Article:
This was yesterday's dinner salad.
Today, as I walked by the garden to bring the goats into the barn from their afternoon in the pasture, the basil caught my eye. It looked very sexy in its green glory, and it seemed to yell at me, “Hey, lady! Look at me! See how beautiful and big I am? Why haven't you harvested me yet?” Sure, I've plucked leaves for seasoning pasta sauce or for making Greek salad, but I hadn't made pesto yet. Pesto! What a great dinner idea!
As I searched my fridge, I realized that I didn't have any parmesan, an essential ingredient in pesto.  But I'm not a cheese maker for nothin', so I crawled into my cheese cave (which is a crawl space under our bathroom) and found the perfect treasure: a three year old aged wheel of Manchego cheese. For some reason, I had never gathered enough courage to cut into it, fearing it wouldn't be any good (or kill my family after eating it). But when I opened the vacuum sealed cheese, a complex aroma met my nose. The cheese had the color of caramel and honey, and when I took a tiny bite, I was encouraged. I am no cheese expert, I really am not, and I don't know the right words to describe it, but this cheese tasted nutty and spicy, but sweet at the same time.
So I picked the enticing basil from the garden, mixed it with our home grown garlic, olive oil, some salt and cashew nuts (because pine nuts are way to expensive, and I ran out of walnuts), and at the end added my fancy cheese.  I shredded all three pounds of the cheese in my food processor, and I will try and freeze it for future use.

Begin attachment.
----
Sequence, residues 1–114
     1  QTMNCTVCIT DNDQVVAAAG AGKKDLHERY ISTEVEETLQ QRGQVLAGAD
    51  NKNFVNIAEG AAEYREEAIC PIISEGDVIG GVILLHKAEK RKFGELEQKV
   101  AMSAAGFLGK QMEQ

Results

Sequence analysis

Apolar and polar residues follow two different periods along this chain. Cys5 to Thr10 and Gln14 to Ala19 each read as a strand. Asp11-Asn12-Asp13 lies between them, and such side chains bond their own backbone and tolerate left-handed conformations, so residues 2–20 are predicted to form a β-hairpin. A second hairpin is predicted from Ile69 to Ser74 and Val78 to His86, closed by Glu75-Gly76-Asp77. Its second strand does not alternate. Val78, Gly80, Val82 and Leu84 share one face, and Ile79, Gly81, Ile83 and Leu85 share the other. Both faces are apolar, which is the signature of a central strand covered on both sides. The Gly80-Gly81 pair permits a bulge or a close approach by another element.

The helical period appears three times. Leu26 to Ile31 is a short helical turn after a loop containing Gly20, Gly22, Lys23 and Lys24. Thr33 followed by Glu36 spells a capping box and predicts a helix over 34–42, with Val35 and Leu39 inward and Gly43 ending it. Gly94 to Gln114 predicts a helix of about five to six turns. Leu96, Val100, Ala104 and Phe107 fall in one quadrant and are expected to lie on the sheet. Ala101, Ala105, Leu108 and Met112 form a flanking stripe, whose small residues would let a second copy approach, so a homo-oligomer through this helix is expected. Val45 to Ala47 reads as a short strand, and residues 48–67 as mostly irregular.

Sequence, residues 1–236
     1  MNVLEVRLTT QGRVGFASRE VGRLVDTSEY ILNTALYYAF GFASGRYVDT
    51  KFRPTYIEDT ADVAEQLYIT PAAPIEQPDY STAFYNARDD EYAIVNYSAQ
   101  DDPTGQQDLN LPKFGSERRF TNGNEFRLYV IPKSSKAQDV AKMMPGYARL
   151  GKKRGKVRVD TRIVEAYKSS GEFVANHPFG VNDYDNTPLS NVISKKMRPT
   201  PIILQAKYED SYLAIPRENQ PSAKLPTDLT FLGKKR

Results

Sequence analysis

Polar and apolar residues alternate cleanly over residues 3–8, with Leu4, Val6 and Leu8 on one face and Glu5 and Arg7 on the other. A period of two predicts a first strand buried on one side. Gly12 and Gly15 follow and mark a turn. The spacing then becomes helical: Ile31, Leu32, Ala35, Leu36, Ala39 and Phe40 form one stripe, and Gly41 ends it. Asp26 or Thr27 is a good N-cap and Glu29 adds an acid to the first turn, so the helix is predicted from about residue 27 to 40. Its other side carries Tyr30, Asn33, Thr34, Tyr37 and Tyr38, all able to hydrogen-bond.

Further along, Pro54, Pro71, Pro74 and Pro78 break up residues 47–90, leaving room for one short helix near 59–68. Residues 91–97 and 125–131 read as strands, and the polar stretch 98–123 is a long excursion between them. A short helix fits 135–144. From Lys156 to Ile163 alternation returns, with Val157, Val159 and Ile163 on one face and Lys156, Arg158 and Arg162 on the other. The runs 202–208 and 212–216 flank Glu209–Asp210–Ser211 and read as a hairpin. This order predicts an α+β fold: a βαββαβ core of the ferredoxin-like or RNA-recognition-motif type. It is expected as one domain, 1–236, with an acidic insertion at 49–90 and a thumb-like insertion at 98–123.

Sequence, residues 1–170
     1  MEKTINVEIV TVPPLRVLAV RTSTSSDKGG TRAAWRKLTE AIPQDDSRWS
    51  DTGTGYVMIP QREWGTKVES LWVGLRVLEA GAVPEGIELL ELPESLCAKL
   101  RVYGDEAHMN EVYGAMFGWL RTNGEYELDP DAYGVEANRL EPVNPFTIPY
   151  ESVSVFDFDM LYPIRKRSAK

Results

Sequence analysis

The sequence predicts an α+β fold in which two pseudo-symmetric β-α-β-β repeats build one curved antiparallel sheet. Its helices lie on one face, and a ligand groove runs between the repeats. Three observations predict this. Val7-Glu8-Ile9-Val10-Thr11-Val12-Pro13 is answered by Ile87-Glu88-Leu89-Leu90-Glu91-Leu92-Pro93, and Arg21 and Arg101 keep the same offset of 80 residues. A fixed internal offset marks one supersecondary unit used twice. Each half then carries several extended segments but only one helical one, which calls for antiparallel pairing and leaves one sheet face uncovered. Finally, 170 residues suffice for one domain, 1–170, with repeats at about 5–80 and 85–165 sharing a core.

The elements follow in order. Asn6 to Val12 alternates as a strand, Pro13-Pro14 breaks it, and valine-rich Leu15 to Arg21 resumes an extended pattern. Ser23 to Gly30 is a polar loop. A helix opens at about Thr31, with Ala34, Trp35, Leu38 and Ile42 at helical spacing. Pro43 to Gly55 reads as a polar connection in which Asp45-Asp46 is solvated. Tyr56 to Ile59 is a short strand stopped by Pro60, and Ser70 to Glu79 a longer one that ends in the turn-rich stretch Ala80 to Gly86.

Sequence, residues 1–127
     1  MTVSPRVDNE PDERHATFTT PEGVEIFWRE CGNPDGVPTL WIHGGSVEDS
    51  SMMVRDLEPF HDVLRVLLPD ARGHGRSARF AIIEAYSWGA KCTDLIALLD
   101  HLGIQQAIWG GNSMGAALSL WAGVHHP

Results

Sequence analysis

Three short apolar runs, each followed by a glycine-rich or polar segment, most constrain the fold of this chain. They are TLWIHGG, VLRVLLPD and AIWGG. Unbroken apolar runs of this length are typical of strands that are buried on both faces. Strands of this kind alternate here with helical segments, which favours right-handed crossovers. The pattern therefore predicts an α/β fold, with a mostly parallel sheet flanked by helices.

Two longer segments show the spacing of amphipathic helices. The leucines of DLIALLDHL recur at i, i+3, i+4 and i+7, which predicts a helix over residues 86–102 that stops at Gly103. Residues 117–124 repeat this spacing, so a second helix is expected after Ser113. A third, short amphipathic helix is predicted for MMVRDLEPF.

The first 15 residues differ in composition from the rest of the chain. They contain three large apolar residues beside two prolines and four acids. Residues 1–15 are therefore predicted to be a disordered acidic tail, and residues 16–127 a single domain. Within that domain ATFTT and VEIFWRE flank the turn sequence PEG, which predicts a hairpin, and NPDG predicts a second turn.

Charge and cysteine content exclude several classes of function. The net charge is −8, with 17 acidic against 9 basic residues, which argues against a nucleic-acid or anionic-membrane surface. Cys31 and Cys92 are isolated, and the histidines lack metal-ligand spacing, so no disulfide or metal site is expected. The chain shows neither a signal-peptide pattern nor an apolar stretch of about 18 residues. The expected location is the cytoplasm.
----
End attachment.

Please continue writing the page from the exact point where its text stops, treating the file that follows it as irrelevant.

I wish I could transport the smell of this basil to you.

The pesto dinner was a huge hit with my family.  Eva kept asking for more, and even after everyone was done eating, she kept asking, "Can I have more pesto?  I just love it so much."

Look at these pretty colors.  The broccoli is fresh from the garden, and the cauliflower is fermented with turmeric, hence the pretty yellow color.
I just made a ten gallon batch of Manchego the other day, and now I am encouraged to let these wheels age longer than usual.  I thought I would tell you how I make my Manchego, in case you are a cheese maker.  This recipe is a mix between Ricki Carroll's "Home Cheese Making" and "200 Easy Homemade Cheese Recipes" by Debra Amrein Boyes.  
I start with ten gallons of my raw goat milk and heat in a double boiler (put it in a canning pot filled with water) to 86 degrees.  I then add 1/2 teaspoon MM100 DVI culture (mesophilic) and 1/2 teaspoon thermophilic culture and let it all sit for 45 minutes.  Sometimes I add Lipase, an enzyme that makes the cheese taste sharper.